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Amgen stomach cancer drug awarded Breakthrough Therapy Designation

pharmafile | April 21, 2021 | News story | Research and Development Amgen, Cancer, cancer treatment, pharma, pharma news 

Amgen’s investigational therapy, bemarituzumab, for certain types of stomach and esophagus cancer, has been granted Breakthrough Therapy Designation by the FDA.

Amgen acquired Five Prime Therapeutics, and with it the Phase III-ready bemarituzumab, last week for $1.9 billion.

A Breakthrough Therapy Designation is designed to expedite the development and regulatory review of medicines that may demonstrate substantial improvement on a clinically significant endpoint over available medicines.

Bemarituzumab could be a first-line treatment for patients with metastatic and locally advanced gastric and gastroesophageal (GEJ) adenocarcinoma, in combination with modified FOLFOX6 (fluoropyrimidine, leucovorin, and oxaliplatin).

The designation is supported from results of the Phase II FIGHT trial, which evaluated bemarituzumab plus chemotherapy versus chemotherapy alone in patients with frontline advanced gastric or GEJ cancer.

The study showed treatment with bemarituzumab plus chemotherapy demonstrated clinically significant improvements in progression-free survival and overall survival in patients with at least 10% of tumor cells over-expressed Fibroblast Growth Factor Receptor 2b (FGFR2b).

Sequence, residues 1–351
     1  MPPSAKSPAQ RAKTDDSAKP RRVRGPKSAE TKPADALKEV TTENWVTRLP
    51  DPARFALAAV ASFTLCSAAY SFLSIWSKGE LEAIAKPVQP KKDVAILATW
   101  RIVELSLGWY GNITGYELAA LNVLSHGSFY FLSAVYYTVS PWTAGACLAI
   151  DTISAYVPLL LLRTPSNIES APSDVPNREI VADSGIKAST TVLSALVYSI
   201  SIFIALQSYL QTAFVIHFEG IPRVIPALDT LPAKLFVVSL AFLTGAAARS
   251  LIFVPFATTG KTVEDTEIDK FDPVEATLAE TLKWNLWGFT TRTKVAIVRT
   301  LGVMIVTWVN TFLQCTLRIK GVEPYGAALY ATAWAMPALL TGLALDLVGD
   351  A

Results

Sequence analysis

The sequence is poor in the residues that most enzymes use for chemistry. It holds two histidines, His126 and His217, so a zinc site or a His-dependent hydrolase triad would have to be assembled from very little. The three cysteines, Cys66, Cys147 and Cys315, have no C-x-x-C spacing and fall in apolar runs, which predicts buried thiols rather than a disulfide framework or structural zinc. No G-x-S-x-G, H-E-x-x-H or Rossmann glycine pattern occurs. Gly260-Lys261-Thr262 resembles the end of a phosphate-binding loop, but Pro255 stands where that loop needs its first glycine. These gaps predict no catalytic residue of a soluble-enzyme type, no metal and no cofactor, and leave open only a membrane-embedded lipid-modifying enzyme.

Bemarituzumab  is designed to block fibroblast growth factors from binding and activating FGFR2b, inhibiting several downstream pro-tumour signalling pathways, and potentially slowing cancer progression.

More than one million new gastric cancer cases are diagnosed annually, with gastric cancer particularly prevalent in Asia. Around 25% of patients with advanced gastric and GEJ cancers present with FGFR2b over-expression, due to being HER2-negative.

Dr David M Reese, Executive Vice President of Research and Development at Amgen, said: ”The FIGHT trial is the first study to evaluate targeting the over-expression of FGFR2b in cancer. Bemarituzumab demonstrated clinically meaningful outcomes in key endpoints for patients with advanced gastric or gastroesophageal cancer as a frontline therapy.

“Amgen looks forward to further investigating the role of FGFR2b and will continue to work with regulatory agencies on next steps to bring this potential first-in-class, frontline therapy to patients.”

Jack Goddard

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